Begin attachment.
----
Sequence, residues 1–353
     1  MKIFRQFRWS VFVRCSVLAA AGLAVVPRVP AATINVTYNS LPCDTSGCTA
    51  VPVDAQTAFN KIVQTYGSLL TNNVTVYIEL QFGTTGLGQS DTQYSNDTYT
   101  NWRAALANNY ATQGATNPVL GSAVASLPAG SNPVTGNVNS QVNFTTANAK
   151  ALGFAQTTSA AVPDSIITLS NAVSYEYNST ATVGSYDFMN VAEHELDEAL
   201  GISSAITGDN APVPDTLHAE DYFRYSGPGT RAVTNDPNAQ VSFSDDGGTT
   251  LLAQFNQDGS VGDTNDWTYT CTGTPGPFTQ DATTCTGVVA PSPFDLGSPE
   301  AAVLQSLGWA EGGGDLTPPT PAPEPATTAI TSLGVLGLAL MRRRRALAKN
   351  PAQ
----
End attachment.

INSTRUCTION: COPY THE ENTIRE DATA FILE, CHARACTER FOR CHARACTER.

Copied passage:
Sequence, residues 1–353
     1  MKIFRQFRWS VFVRCSVLAA AGLAVVPRVP AATINVTYNS LPCDTSGCTA
    51  VPVDAQTAFN KIVQTYGSLL TNNVTVYIEL QFGTTGLGQS DTQYSNDTYT
   101  NWRAALANNY ATQGATNPVL GSAVASLPAG SNPVTGNVNS QVNFTTANAK
   151  ALGFAQTTSA AVPDSIITLS NAVSYEYNST ATVGSYDFMN VAEHELDEAL
   201  GISSAITGDN APVPDTLHAE DYFRYSGPGT RAVTNDPNAQ VSFSDDGGTT
   251  LLAQFNQDGS VGDTNDWTYT CTGTPGPFTQ DATTCTGVVA PSPFDLGSPE
   301  AAVLQSLGWA EGGGDLTPPT PAPEPATTAI TSLGVLGLAL MRRRRALAKN
   351  PAQ